dc.creatorBrandt, Sheila Ann.en_US
dc.contributor.authorBrandt, Sheila Ann.en_US
dc.date.issued1995en_US
dc.publisherThe University of Arizona.en_US
dc.rightsCopyright © is held by the author. Digital access to this material is made possible by the University Libraries, University of Arizona. Further transmission, reproduction or presentation (such as public display or performance) of protected items is prohibited except with permission of the author.en_US
dc.description.abstractCognitive learning theory predicts, and studies have demonstrated that immediate and frequent feedback, cooperative learning, and reduced evaluation apprehension can improve learning. Electronic meeting systems (EMS) offer new support for these concepts, and may lead to an improved learning environment. In an attempt to create and evaluate a more effective, active, problem-solving learning environment, the following research questions were identified: (1) Does EMS classroom use affect learning? (2) How is EMS used in the classroom over time? A field study of computer-supported collaborative learning was conducted to answer these questions. Ten junior English classes at one high school were the volunteer subjects for this year-long study. One class received the treatment (classroom use of an EMS) and the other nine classes served as control groups. Each student in each class was given a pre-treatment writing assignment and survey and a post-treatment writing assignment and survey to assess writing skill development and perceived writing product and process skill development. Quantitative difference scores (post-pre) for the writing assignment and the survey were tabulated and the class means were analyzed using an Analysis of Variance. In addition, the treatment group served as "the case" in the case study portion of this study and was consistently observed throughout the school year. To determine patterns of classroom activities and interactions, field notes and formal interview transcripts were coded using a coding scheme developed specifically for this study. Findings of this study provide strong evidence that EMS technology had a positive effect in the classroom. A cooperative learning environment emerged where students consistently worked together and were task-focused. Students tackled more and bigger problems than permitted by the traditional classroom. Furthermore, the EMS technology provided more opportunities for immediate and frequent feedback. Finally, the EMS class developed stronger writing skills as compared to the other classes that did not employ EMS technology in the classroom. Thus, the results of this study suggest that the incorporation of EMS technology in the classroom fosters a more effective learning environment.en_US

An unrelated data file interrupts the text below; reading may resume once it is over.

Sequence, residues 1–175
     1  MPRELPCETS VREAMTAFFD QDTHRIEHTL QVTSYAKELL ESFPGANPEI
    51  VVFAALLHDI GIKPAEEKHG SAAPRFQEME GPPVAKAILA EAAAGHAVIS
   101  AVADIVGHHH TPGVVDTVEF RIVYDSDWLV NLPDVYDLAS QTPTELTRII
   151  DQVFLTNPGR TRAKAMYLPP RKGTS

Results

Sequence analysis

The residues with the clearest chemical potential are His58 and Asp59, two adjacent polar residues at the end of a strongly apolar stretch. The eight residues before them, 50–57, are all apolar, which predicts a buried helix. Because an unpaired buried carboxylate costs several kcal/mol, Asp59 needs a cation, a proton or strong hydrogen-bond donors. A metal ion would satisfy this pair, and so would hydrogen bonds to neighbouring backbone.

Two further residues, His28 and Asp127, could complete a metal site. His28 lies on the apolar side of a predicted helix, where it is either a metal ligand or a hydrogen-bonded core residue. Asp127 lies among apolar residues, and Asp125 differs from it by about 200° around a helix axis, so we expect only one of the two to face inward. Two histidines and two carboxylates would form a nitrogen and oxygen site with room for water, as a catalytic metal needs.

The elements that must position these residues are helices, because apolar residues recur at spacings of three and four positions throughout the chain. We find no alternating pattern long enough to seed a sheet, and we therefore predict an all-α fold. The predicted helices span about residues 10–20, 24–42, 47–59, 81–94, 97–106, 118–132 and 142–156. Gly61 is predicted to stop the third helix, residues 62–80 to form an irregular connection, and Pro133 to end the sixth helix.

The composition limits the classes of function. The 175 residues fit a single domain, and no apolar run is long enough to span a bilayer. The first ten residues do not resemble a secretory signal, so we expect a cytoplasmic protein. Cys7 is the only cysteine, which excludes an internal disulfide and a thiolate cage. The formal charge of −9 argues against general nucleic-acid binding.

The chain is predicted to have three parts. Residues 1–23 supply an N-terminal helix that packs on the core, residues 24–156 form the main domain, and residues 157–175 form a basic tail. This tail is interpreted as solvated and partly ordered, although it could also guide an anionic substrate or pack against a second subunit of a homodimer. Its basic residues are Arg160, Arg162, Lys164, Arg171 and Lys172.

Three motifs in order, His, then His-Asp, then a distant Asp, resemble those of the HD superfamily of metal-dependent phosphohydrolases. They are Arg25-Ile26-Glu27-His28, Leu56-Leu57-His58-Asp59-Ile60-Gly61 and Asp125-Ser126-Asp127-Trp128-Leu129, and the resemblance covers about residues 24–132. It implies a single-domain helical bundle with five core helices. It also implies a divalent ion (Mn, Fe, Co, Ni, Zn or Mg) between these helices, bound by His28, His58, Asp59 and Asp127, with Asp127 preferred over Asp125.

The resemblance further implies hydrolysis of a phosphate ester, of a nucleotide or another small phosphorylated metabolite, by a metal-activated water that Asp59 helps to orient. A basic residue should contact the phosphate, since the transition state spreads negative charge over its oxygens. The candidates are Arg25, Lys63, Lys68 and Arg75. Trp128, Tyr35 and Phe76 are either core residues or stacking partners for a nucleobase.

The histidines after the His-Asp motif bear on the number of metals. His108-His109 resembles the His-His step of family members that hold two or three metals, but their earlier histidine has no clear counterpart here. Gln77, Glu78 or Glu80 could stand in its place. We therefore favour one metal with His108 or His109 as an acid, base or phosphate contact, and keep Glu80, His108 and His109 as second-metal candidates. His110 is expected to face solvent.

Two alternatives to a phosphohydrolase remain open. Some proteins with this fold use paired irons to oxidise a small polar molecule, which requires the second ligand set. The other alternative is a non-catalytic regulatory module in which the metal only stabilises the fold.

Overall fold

dc.typetexten_US
dc.typeDissertation-Reproduction (electronic)en_US
thesis.degree.namePh.D.en_US
thesis.degree.leveldoctoralen_US
thesis.degree.disciplineBusiness Administrationen_US
thesis.degree.disciplineGraduate Collegeen_US
thesis.degree.grantorUniversity of Arizonaen_US
dc.contributor.chairNunamaker, Jay F.en_US
dc.contributor.committeememberVogel, Douglas R.en_US
dc.contributor.committeememberBriggs, Robert O.en_US
dc.identifier.proquest9603356en_US